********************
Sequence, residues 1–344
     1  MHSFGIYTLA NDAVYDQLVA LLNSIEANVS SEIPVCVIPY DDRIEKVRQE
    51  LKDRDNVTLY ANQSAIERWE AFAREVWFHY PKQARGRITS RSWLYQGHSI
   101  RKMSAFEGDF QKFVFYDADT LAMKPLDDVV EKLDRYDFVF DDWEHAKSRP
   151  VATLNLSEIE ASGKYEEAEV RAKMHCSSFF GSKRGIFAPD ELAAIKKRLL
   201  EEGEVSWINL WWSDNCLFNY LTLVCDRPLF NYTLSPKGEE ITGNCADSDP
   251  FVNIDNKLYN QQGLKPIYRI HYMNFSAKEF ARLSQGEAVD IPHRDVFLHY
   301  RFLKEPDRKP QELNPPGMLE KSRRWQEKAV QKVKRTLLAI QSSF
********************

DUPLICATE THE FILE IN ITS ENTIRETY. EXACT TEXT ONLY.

Sequence, residues 1–344
     1  MHSFGIYTLA NDAVYDQLVA LLNSIEANVS SEIPVCVIPY DDRIEKVRQE
    51  LKDRDNVTLY ANQSAIERWE AFAREVWFHY PKQARGRITS RSWLYQGHSI
   101  RKMSAFEGDF QKFVFYDADT LAMKPLDDVV EKLDRYDFVF DDWEHAKSRP
   151  VATLNLSEIE ASGKYEEAEV RAKMHCSSFF GSKRGIFAPD ELAAIKKRLL
   201  EEGEVSWINL WWSDNCLFNY LTLVCDRPLF NYTLSPKGEE ITGNCADSDP
   251  FVNIDNKLYN QQGLKPIYRI HYMNFSAKEF ARLSQGEAVD IPHRDVFLHY
   301  RFLKEPDRKP QELNPPGMLE KSRRWQEKAV QKVKRTLLAI QSSF